How do I get Legal Help?

Telephone legal advice is available for preliminary information, advice and referrals. Advice is usually restricted to a client's basic legal rights and obligations about a particular situation. If the problem is too complex or too lengthy for a phone call, the client will be offered an appointment at a Commission office or referred to other sources of assistance.

Country callers from within South Australia can use the Legal Help Line to contact the Adelaide office for the cost of a local call. For clients unable to attend an appointment in person, a telephone advice appointment can be booked and any relevant documents can be faxed to us with the assistance of a local Families SA Office.

The Legal Services Commission ia a legal Aid for South Australia. The Legal Help Line number is 1300 366 424 which is operational between the hours of 9am to 4.30 pm Monday to Friday.

Legal Advice Appointments

Free legal advice is available to any person on most legal matters. The role of the legal adviser is to identify the client's problem, to inform the client of their rights and obligations and to help them understand what course(s) of action can be taken. The adviser may also draft letters for clients where appropriate.


The Commission recognises the unique problems faced by victims of domestic violence and has put in place policies to promote access to services for victims. A worker who specialises in domestic violence is available to assist victims with legal matters where domestic violence is a factor. Appointments may be made by telephoning us on 8463 3555 or 1300 366 424. This service is free of charge.

We can advise and assist in relation to:

  • intervention order matters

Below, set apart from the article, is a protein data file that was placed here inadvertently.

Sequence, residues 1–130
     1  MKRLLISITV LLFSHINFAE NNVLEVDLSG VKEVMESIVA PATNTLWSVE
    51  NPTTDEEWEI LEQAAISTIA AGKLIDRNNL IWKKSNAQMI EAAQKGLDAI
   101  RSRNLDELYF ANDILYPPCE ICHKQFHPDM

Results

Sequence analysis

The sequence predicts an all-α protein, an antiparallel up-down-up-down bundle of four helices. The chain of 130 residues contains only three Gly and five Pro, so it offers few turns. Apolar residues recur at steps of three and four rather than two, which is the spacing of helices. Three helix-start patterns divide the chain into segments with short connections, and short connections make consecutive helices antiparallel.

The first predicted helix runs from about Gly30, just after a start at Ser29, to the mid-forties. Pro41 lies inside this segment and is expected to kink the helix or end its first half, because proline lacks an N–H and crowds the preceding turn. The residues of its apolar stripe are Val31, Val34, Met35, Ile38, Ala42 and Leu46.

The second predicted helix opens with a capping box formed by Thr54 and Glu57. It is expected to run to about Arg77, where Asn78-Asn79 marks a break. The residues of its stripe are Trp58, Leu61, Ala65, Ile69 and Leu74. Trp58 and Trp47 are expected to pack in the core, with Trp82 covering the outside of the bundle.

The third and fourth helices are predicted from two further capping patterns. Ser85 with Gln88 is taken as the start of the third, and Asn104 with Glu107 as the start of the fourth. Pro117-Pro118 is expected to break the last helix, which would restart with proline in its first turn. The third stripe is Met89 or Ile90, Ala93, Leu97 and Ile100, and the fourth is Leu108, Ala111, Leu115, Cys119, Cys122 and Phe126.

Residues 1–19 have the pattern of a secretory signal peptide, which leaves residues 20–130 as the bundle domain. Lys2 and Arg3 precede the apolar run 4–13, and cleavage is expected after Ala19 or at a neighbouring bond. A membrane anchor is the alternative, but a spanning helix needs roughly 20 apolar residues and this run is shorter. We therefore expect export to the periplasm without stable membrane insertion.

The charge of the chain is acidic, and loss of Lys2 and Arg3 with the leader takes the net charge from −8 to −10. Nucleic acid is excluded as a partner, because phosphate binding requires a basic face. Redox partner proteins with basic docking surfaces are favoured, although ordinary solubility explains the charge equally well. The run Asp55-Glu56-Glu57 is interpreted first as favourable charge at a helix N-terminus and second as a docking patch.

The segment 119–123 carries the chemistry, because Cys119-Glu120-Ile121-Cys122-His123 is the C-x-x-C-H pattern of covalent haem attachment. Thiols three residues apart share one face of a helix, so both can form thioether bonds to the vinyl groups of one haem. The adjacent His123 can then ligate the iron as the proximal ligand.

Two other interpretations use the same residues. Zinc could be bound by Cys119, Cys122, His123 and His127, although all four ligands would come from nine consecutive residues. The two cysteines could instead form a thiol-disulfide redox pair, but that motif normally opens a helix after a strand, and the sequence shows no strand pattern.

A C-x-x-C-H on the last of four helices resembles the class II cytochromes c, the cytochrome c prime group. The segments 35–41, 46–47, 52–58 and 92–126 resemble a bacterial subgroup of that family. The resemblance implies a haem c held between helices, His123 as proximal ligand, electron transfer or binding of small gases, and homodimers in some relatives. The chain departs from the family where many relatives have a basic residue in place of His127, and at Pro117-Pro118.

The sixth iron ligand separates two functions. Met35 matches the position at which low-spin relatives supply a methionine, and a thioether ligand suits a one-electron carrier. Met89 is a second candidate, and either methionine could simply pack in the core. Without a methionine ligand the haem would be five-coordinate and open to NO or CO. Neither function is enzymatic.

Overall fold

• the victim's role and rights in the criminal justice process
  • family law matters, such as arrangements for children, child support and family dispute resolution
  • care and protection (child welfare) matters
  • credit, debt and housing matters
  • immigration matters that may arise upon the breakdown of a relationship due to domestic violence

We may assist victims complete a further application for legal aid or provide referrals to other services.

If a victim requires immediate protection within South Australia, they should telephone police on 131 444.

If a victim requires other practical support, including safe accommodation, they should telephone the Domestic and Aboriginal Family Violence Gateway Service on 1800 800 098.

Applying for Legal Aid?

Download a Legal Aid application form as a PDF file (430kb) 

When services beyond simple legal advice are needed, you must apply for legal aid. A grant of legal aid means we will pay a lawyer to act for you. However, we will require you to make a contribution towards your legal costs depending on how much you can reasonably afford to pay.

To apply for aid you must fill in the application form and send it to a legal aid office together with proof of means. Usually, this will be a copy of a pension card (or, if working, two pay slips), and copies of bank statements for the last two months. These must be sent in with the application. If not, the application will simply be returned to you.

The cover of the application form need not be sent back. You should keep it because it explains the main conditions of legal aid.

If legal aid is granted, you will have to pay a contribution towards your legal costs. The minimum is $20, or $30 if you ask for representation by a private lawyer. It can be more than this, depending on your finances.

You can apply for legal aid directly to us, or if you wish to be represented by a particular private lawyer, through that person's office. Where possible, we will grant that request. If you have no particular lawyer in mind, we will arrange someone.

If legal aid is refused, you will be told why in a letter. Where aid is refused there is normally a right of appeal.

There are some cases for which we do not generally give legal aid. Often, this is because some other avenue of help is available. Also, we will not pay for cases where we think you can afford your own representation, or where the chances of success are poor.

Legal aid application forms are available from all our offices, community legal centres and most law firms.